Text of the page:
I’ve been riding with a set of Face GX cycling glasses from Ryders Eyewear for a while and felt it was about time I shared my experiences with them, with you. Besides fitting great (fit is always subjective) these unique glasses have several features that are worth discussing in detail.
First, and most importantly, the lenses. The Face GX’s lenses are photochromic, meaning they automatically adjust their tint to increase or decrease the amount of light that the lens lets pass through to your eye. This is measured as a percentage called VLT, Visible Light Transmission. The higher the VLT percentage, the more light reaches your eye.
A clear lens has a VLT of 100 percent. The Face GX that I tested, with the orange lens, has a VLT rating of 47 percent – 15 percent, so they are meant to be used in conditions ranging from overcast to sunny.
The Face GX is also available with a yellow lens, which has a VLT rating of 76 percent- 27 percent, so they are meant for darker conditions, as they are able to allow more light to pass through. Both yellow and orange tinted lenses filter out blue light and are meant to enhance depth perception, as well as provide more contrast in flat lighting conditions. This helps you see varying trail surfaces in woods, at dusk, or in other low light environments.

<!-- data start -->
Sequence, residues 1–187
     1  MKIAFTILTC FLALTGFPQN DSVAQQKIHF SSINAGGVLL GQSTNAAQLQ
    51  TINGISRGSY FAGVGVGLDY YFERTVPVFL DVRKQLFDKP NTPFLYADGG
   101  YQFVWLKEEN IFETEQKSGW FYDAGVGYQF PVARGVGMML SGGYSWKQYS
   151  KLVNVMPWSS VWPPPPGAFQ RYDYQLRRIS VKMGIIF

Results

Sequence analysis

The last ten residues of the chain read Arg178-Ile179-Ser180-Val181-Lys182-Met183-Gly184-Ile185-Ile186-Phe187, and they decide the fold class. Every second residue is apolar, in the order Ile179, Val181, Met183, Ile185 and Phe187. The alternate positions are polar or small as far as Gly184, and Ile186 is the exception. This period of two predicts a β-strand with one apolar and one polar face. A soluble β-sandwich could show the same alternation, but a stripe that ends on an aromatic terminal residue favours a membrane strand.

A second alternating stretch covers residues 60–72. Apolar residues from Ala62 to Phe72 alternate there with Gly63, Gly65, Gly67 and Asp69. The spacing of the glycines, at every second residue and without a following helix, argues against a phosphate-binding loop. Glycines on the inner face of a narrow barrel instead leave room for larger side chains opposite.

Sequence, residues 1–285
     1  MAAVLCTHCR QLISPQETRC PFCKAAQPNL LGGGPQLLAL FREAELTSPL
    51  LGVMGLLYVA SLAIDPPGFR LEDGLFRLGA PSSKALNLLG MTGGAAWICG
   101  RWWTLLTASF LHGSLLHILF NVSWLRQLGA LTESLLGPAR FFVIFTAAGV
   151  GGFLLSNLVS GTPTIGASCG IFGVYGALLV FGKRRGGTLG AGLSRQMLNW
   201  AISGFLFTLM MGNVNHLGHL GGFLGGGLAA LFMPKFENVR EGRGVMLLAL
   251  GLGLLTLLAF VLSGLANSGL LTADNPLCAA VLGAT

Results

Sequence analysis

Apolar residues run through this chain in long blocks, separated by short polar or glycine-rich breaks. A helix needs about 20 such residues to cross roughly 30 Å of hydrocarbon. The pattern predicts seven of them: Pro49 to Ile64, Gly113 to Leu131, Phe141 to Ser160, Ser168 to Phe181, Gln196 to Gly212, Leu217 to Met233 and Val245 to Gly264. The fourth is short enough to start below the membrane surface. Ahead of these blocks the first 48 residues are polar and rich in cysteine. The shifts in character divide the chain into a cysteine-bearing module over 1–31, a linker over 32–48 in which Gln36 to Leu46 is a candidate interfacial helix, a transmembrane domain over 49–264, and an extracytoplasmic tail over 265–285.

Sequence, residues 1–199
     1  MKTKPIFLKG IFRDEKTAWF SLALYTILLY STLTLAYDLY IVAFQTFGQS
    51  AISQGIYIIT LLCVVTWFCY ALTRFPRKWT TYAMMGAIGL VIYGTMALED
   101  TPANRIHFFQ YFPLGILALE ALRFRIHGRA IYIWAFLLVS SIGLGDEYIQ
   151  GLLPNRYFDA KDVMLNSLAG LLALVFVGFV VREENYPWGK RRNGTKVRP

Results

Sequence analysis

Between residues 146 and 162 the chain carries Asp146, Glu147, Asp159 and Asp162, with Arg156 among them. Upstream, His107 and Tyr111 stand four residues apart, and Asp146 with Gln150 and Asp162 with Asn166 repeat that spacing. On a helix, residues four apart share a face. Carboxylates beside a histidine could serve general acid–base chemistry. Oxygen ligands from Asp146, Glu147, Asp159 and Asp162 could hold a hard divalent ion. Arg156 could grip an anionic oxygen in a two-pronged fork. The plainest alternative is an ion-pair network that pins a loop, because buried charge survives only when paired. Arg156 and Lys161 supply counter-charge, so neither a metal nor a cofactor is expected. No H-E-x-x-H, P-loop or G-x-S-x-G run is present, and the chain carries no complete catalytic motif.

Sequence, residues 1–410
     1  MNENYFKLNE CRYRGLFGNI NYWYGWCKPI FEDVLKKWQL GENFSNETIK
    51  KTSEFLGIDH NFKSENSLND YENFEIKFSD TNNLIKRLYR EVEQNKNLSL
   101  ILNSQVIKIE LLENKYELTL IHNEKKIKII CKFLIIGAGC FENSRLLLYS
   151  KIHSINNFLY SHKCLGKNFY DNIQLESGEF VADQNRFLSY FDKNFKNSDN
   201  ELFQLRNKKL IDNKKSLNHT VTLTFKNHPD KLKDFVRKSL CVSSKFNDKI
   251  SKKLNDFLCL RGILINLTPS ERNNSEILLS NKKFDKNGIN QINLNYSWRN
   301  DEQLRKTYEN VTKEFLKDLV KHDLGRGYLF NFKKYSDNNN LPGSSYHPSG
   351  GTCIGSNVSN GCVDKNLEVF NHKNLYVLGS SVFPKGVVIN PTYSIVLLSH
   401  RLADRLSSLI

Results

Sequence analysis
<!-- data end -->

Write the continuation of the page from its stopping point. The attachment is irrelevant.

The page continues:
In practice, it really works well. Objects on the trail have a more defined edge, so they easier to navigate, especially under the cover of trees.
In addition to the tint, the lenses feature two beneficial technologies. On the inside of the lens there is a coating Ryders Eyewear calls antiFOG. This coating is hydrophilic, which means it attracts and absorbs water. This limits the possibility for fogging to occur, by drawing the water droplets away from the suface of the lens. The front surface of the lens is treated with a hydrophobic coating which sheds water more easily than a non-treated lens. The coatings are permanent and do not need to be reapplied.
Both worked incredibly well for me. I experienced no lens fogging, even in the most humid conditions. The only time I needed to take off the glasses and wipe them was when sweat would build up inside the lenses. The gasket helped alleviate a bit of that, which I’ll touch on next.
Obviously you’ll have to clean the fronts of the lenses every so often, but the coating seemed to lessen the need. Not to be overlooked, the lenses are rated UV400, which means they block rays with wavelengths up to 400 nanometers. That includes all harmful UVA and UVB light, and that’s good.